OR WAIT null SECS
Although the mental toll of the pandemic has been high for everyone, it’s been especially difficult for children with chronic diseases such as type 1 diabetes. A session at the virtual Scientific Sessions for the American Diabetes Association addressed how one program tackled these concerns.
The COVID-19 pandemic raised a variety of mental health concerns ranging from economic concerns for parents, lack of time with peers, and worries about becoming ill with the disease. For children and families managing type 1 diabetes, there were particular concerns. At a session titled “Behavioral interventions for pediatric diabetes during COVID-19” at the 81st virtual Scientific Sessions for the American Diabetes Association, Carrie Tully, a pediatric psychologist at Children’s National Hospital in Washington, DC, discussed how her program changed to provide care during the pandemic as well as presented results from a study that examined the effects of the pandemic.
For children with type 1 diabetes the pandemic led to an increase in sedentary behavior and a decrease in access to diabetes-specific support due to social distancing guidelines. Children and families were worried about whether children were vulnerable to the disease as well as being able to access both medical teams and medical supplies when needed because of supply chain issues. There were many changes to the Children’s National Hospital program, which treats >2000 children and adolescents with diabetes in the greater Washington DC metro area, on a variety of levels. On the institutional level, the hospital quickly transitioned to Health Insurance Portability and Accountability Act-compliant telemedicine options. Although the department had been using telemedicine to treat patients who lived far away since 2017, the shift required adjustment. It was more difficult for dietitians, nurse practitioners, and other clinicians to bring in behavioral care because they were no longer just down the hall. Within the behavioral practice level, practitioners had to know where the child physically was during each session along with the nearest emergency department in case of an emergency occurring during the session. Practitioners also had to offer technical support in case the telemedicine platform stopped working. Language interpretation services were offered when needed and patients were given advice on ensuring that the sessions were private, including finding quiet corners of the house and using headphones. Tully noted that telemedicine allowed practitioners to use tools that wouldn’t have been possible in normal sessions, including sharing memes and watching YouTube videos.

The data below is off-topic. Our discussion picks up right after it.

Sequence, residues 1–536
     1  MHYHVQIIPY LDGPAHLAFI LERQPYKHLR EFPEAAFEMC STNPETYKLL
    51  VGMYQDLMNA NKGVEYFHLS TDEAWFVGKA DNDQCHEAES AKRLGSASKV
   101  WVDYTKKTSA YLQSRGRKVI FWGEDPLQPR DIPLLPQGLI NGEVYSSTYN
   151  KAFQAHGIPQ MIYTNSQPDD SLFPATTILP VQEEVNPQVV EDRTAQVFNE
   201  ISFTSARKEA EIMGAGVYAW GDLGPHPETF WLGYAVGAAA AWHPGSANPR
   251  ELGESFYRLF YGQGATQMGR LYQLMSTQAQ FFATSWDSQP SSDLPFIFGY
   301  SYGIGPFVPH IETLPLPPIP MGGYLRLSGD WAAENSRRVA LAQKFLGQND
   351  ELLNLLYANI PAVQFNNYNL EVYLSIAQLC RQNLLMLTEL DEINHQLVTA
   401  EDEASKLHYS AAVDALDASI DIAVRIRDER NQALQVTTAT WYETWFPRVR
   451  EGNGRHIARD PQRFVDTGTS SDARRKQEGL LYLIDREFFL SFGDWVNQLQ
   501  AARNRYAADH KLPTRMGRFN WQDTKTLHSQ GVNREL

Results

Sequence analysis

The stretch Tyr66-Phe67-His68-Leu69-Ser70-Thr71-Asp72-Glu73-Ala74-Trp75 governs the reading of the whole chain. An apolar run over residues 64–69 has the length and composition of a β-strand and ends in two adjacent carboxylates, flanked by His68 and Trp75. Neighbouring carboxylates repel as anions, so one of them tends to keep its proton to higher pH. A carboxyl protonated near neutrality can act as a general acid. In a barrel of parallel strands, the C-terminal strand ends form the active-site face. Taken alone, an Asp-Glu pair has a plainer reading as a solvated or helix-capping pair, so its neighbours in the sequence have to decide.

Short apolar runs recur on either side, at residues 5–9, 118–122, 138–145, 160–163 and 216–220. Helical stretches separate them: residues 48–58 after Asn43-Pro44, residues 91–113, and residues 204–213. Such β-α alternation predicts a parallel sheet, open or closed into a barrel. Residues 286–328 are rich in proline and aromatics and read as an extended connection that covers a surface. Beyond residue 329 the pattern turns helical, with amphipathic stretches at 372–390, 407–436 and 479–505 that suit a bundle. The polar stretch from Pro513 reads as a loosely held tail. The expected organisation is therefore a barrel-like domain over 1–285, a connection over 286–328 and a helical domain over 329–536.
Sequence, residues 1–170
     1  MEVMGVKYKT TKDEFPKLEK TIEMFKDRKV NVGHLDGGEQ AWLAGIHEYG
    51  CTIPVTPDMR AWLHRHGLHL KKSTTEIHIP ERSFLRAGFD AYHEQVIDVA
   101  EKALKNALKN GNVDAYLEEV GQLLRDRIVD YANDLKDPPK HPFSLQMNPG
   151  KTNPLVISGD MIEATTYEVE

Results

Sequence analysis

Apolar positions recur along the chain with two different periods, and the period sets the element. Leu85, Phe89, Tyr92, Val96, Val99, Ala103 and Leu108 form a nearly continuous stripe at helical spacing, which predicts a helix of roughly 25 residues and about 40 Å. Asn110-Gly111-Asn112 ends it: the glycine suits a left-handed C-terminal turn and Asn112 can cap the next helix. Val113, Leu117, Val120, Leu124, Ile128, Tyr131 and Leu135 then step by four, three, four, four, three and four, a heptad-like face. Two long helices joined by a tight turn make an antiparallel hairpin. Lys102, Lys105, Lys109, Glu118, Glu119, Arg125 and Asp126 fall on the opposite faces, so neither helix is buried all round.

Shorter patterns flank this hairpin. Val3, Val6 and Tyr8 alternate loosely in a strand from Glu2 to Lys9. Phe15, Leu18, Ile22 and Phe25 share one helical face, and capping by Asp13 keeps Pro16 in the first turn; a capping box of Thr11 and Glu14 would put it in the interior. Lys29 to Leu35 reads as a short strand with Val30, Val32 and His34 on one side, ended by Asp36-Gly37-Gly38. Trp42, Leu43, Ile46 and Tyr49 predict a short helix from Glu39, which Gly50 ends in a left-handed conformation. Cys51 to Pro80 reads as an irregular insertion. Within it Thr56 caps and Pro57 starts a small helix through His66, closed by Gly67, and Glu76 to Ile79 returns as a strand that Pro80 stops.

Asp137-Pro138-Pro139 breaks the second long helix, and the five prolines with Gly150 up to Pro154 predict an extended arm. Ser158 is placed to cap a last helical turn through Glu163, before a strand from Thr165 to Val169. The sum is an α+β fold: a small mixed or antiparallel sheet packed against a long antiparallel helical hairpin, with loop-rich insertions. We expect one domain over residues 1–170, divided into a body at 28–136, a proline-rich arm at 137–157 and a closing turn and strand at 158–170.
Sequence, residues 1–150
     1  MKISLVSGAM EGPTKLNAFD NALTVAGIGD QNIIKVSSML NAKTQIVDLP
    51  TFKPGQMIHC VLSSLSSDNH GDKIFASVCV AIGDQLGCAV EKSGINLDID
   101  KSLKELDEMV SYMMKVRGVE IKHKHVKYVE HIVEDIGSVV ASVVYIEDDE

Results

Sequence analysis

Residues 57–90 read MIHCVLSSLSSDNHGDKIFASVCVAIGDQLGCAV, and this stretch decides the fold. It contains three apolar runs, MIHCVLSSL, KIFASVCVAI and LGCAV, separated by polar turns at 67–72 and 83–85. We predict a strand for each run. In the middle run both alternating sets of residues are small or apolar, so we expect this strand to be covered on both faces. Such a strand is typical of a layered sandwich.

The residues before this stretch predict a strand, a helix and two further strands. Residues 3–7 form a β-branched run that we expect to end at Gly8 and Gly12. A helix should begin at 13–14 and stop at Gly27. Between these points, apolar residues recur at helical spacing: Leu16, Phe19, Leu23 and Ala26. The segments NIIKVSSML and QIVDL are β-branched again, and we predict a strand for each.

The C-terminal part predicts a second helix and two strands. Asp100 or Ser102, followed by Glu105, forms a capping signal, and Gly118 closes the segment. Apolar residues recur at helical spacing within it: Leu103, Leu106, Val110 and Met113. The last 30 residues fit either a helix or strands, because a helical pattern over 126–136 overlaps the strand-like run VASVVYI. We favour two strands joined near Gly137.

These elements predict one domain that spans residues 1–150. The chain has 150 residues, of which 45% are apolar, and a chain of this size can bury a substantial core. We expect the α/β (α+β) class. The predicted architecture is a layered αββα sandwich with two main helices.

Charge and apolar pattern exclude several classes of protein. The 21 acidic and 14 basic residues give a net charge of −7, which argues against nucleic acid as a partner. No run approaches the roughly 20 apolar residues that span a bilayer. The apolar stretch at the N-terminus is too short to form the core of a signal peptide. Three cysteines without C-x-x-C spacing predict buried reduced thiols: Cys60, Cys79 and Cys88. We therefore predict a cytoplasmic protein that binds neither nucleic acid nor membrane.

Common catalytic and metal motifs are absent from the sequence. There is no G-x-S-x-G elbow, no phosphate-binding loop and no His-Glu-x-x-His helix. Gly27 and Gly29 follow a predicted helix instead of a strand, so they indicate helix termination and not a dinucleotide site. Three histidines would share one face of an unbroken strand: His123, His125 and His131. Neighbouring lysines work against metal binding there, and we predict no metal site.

Tully concluded the session with results from a study of parents of early-school age children who had type 1 diabetes and comparing prepandemic and pandemic mental health concerns. Roughly 84% of the parents reported having at least 1 COVID-19 disruption, which included job changes, moving home, changes in insurance, child care changes, and changes in school. Ten percent of the parents indicated having severe COVID-19 outcomes in either immediate or non-immediate family and nearly 60% of the families said that they were adhering to strict social distancing guidelines. The number who reported elevated depression scores either prepandemic or during the pandemic was roughly equal at 22%, but 10% of the parents indicated elevated depression at both time points.
1. Tully C. Behavioral interventions for pediatric diabetes during COVID-19. American Diabetes Association Scientific Sessions 2021; June 25, 2021; virtual. Accessed June 25, 2021.